November 23, 2014

Stellar Performances and Records in the 2013 Postseason

The Baltimore Ravens are Super Bowl XLVII Champions after enduring a 35-minute power outage in their 34-31 victory over the San Francisco 49ers last Sunday. There were many stellar performances and records broken during the NFL playoffs, including several of them during Super Bowl XLVII. The Baltimore Ravens and San Francisco 49ers received outstanding performances from several players. Baltimore’s Jacoby Jones, Ed Reed and Joe Flacco broke or tied several records while the 49ers received great play from Vernon Davis, Colin Kaepernick and Frank Gore.

During Super Bowl XLVII, Baltimore Ravens receiver/returner Jacoby Jones broke two Super Bowl records. He amassed a record-setting 290 all-purpose yards in the Super Bowl, including a 108-yard kickoff return and a 56-yard reception for touchdowns. His 108-yard kickoff return is the longest return in Super Bowl history. The return was originally ruled a 109-yard return but the NFL later changed it to 108 yards. The NFL record for both the regular season and postseason is 108 yards.

Earlier this season, Jones had a 108-yard kickoff return for a touchdown against the Dallas Cowboys. Jones is the only player in NFL history with three kickoff returns of 105 or more yards for touchdowns.

On the Ravens defense, free safety Ed Reed tied an NFL playoff record during the second quarter of the Super Bowl with his ninth career playoff interception. Reed is tied with Ronnie Lott, Charlie Waters and Bill Simpson for most career playoff interceptions. During the regular season, the future Hall of Famer has 61 interceptions.

Super Bowl XLVII MVP quarterback Joe Flacco threw 11 touchdowns and zero interceptions during the playoffs. When his Ravens defeated the New England Patriots 28-13 in the AFC Championship Game, he became the first quarterback ever with six career playoff victories on the road, breaking a tie of five road wins that he shared with Eli Manning of the New York Giants.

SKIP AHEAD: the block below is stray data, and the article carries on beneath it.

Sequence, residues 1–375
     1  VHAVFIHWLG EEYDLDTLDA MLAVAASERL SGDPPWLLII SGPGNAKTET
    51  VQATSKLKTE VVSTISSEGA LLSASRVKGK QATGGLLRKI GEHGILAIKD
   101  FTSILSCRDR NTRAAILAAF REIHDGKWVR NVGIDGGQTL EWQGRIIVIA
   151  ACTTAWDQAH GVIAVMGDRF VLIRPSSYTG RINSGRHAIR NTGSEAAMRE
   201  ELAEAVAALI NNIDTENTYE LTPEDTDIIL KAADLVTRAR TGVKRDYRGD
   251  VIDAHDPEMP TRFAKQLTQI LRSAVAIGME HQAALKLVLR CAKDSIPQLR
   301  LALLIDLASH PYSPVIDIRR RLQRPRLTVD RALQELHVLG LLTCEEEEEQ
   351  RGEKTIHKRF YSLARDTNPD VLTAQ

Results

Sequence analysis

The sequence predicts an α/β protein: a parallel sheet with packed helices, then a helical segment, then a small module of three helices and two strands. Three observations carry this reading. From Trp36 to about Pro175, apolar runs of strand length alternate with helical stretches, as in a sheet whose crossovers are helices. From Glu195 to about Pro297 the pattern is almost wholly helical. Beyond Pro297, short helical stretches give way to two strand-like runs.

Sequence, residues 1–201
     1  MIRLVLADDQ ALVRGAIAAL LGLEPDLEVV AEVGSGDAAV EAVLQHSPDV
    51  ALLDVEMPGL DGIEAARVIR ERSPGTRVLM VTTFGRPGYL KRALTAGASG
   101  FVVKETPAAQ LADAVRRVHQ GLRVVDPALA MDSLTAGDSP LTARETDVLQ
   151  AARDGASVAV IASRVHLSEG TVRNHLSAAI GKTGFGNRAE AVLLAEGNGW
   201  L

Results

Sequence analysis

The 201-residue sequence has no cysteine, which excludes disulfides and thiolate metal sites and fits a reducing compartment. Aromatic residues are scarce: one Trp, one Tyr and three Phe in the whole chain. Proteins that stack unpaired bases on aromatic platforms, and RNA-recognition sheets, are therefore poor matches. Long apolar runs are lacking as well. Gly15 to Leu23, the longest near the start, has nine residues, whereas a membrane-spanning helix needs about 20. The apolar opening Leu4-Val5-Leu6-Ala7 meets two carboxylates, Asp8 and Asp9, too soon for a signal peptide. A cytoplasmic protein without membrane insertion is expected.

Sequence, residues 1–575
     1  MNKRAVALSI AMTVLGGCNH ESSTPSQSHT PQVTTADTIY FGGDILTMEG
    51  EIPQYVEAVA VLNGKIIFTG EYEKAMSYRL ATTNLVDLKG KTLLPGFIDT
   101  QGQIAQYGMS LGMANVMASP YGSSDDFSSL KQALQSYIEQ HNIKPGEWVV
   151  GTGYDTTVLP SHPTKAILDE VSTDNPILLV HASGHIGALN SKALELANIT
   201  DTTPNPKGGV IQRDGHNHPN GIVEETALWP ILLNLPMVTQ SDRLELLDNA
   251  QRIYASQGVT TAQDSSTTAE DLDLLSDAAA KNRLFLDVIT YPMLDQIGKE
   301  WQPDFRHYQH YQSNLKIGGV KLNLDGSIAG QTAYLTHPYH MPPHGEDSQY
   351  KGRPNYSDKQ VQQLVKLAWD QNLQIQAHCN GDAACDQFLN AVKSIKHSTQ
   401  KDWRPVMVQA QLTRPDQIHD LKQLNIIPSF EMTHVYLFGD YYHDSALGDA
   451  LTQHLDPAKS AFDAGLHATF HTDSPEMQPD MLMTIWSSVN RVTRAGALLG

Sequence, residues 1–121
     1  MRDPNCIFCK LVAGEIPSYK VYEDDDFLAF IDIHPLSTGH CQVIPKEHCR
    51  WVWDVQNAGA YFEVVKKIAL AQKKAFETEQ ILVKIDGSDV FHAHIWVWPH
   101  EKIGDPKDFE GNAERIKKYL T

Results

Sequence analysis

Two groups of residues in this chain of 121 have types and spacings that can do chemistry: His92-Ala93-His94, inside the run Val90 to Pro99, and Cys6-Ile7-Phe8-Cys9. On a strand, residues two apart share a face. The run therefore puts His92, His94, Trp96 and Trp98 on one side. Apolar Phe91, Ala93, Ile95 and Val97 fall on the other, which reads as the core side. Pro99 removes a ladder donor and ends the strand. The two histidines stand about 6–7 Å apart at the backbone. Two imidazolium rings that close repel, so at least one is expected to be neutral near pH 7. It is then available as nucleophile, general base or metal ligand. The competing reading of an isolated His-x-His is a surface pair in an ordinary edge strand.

49ers running back Frank Gore rushed for 110 yards on 19 carries with a touchdown in the Super Bowl. Throughout the playoffs, Gore averaged a shade over five yards per carry and had two 100-yard rushing games. Gore quietly puts up good numbers each year. During the regular season, he rushed for 1,214 yards for his sixth season of 1,000 or more yards. He currently ranks 34th all-time in rushing yards with 8,839 yards, just ten yards behind regular season MVP Adrian Peterson. Both look to join the 10,000-yard club in 2013.

When the 49ers defeated the Packers during NFC Divisional Playoffs, Gore and quarterback Colin Kaepernick became the first QB/RB duo with each having 100 yards rushing in a playoff game. They are only the third duo since 1960 to each have 100 yards rushing in a playoff game.

If the 49ers weren’t running the ball, tight end Vernon Davis was catching passes for them. Vernon had two 100-yard receiving games during the playoffs including six receptions for 104 yards in the Super Bowl. Davis has played in five career playoff games and already has achieved four games with over 100 yards receiving. The player either handing or throwing the ball to Gore or Davis was Kaepernick.

Kaepernick splashed onto the playoff scene in a big way. Against the Green Bay Packers, he became the first player ever to rush for 100+ yards and pass for 250+ yards while passing and rushing for two touchdowns each. Kaepernick joins only Jay Cutler and Otto Graham with two rushing and two passing touchdowns in a playoff game. Kaepernick rushed for 181 yards with two touchdowns (20 and 56-yards). His 181 rushing yards are the most rushing yards by a quarterback in any game (regular season or playoffs).

On the road against the Atlanta Falcons in the NFC Championship Game, Kaepernick lifted the 49ers to a victory after trailing 17-0 in the first quarter. The 17-point deficit is the second greatest comeback in a conference championship game. The Indianapolis Colts came back from an 18-point deficit against the New England Patriots in the 2006 AFC Championship Game.

During Super Bowl XLVII, Kaepernick nearly lead his team to the greatest comeback ever in Super Bowl history. The 49ers trailed 28-6 in the early part of the third quarter, but couldn’t complete the comeback as his 4th and goal pass fell incomplete late in the fourth quarter. Kaepernick completed 16 out of 28 passes for 302 yards with one touchdown and one interception while rushing for 62 yards on 7 carries, including a 15-yard rushing touchdown.

 

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